environmental differences within a single stratigraphic horizon at a single
region.  For these types of problems, microfossils, invertebrates, and
plants are a LOT more useful than dinosaur fossils.

However, variation, rates of evolution, index fossils, biomass, and
environmental changes are NOT the only scientifically interesting things in
paleontology!!  Far from it.  Dinosaurs are spectacularly useful in other
aspects of the field:

I) Evolutionary patterns: Okay, so calculations of rates are difficult when
you are happy to find a single partial skeleton.  However, *pattens* of
evolution (i.e., origins of novel structures, important shifts in life
habit, etc.) can and are revealed by the spotty dinosaur record.  I'll pit
the significance of a single specimen of _Archaeopteryx_, _Caudipteryx_,
_Eoraptor_, or hadrosaur nest against a sauropods-weight of _Phacops_ or
_Cerion_ in this aspect.  Individual specimens of these latter two (the
trilobite and snail that made up lots of Eldredge & Gould's, respectively,
early work) have not greatly altered previous notions of the history of life
nor strongly supported previously hypotheses of paleobiology nor added
greatly to reconstructing phylogeny: the dinosaur fossils I mentioned,
however, did.

II)  Functional morphology: Single specimen fossils can also provide
important new insight towards interpreting functional morphology.  Sure,
more specimens would be useful (especially to determine if the structure
observed isn't pathological!), but think of all the studies that are done in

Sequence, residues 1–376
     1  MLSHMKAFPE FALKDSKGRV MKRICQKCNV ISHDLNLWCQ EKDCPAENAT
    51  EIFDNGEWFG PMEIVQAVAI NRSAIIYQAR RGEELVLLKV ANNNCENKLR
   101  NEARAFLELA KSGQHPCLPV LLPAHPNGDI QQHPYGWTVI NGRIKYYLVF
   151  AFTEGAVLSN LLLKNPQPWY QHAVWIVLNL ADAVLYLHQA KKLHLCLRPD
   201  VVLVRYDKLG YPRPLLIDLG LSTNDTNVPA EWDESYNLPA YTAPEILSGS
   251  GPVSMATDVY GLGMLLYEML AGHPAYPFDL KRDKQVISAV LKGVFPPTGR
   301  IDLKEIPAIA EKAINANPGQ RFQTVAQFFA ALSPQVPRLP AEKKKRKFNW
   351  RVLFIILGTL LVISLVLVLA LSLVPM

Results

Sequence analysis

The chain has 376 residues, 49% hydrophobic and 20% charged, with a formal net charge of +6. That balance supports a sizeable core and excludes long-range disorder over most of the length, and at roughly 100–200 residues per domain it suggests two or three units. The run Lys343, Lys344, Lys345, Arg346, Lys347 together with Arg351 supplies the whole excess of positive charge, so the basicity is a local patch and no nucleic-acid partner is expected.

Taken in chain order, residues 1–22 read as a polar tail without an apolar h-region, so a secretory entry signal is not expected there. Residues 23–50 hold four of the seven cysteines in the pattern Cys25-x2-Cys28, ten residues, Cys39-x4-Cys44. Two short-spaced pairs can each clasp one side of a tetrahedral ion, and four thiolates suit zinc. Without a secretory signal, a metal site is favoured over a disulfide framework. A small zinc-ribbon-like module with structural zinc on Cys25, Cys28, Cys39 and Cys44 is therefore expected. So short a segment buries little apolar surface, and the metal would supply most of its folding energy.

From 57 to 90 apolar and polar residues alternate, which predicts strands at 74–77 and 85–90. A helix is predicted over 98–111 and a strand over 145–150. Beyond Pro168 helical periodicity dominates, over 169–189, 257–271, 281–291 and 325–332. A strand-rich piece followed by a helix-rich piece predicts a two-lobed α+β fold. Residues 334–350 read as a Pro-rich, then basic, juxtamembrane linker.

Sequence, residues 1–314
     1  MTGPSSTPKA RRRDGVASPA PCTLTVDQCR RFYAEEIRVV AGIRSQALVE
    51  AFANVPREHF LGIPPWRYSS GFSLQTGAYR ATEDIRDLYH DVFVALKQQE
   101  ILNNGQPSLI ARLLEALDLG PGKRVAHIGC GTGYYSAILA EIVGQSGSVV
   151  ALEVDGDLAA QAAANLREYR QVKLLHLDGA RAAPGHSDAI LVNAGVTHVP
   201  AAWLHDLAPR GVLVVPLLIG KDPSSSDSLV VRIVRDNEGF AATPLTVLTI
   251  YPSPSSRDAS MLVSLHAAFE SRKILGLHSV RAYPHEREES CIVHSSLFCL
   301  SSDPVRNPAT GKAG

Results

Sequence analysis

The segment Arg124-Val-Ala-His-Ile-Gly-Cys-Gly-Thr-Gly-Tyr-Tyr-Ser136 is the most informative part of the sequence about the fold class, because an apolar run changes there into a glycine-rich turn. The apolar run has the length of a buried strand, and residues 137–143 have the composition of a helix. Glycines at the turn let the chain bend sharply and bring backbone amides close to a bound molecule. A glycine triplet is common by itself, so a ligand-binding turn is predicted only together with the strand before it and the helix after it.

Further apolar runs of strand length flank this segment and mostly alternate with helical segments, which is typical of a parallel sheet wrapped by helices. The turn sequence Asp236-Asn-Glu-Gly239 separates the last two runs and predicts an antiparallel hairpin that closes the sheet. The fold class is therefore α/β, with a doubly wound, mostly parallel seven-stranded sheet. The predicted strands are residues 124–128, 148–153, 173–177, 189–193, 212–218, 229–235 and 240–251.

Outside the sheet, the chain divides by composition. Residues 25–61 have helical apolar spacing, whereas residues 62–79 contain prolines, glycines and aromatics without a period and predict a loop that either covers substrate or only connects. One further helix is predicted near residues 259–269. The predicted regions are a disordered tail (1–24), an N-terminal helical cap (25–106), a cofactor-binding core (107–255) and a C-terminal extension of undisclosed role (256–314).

interpreting fossil structures from dinosaur skeletons.  Even outside the
paleontological community, people love to speculate on the functional
anatomy of dinosaurs (witness many postings to this list, or some of the
more infamous "hey,-ANYBODY-can-do-paleo" studies such as the
multiple-hearted _Barosaurus_ paper some years ago).

III)  Ichnology:  Despite what is implied by James Trefil, dinosaurs are not
simply known from body fossils (hey, they're not all elephant- or
rhino-sized, either, but I'll let that pass...).  There is a huge abundant
record of dinosaur footprints out there, to which many interesting questions
have been asked and answered: questions of speed, of distribution, of
variation (in horizons and over time), etc.

There are other aspects we could come up with as well, but this is a good start.

So, I've worked on both sides of paleo: I've sat for hours picking literally
hundreds of Cenozoic podocopid and polycopid ostacods from samples of
sediment you could fit in a 35 mm film canister, and I've been excited when
a colleague faxes me a photo of a single vertebra from the Turonian of...,
well, you'll hear about that soon enough. (:-).  I can appreciate the
sentiment (?) of Trefil, but I think it is misguided.  There is more to
paleontology than sample sizes.  For some questions, you need a few
godzillion trilobites or snails or brachs or pollen grains or whatever to
answer; for others, a single partial skeleton can be much more informative.

Hope this helps.

Thomas R. Holtz, Jr.
Vertebrate Paleontologist     Webpage: http://www.geol.umd.edu
Dept. of Geology              Email:tholtz@geol.umd.edu
University of Maryland        Phone:301-405-4084
College Park, MD  20742       Fax:  301-314-9661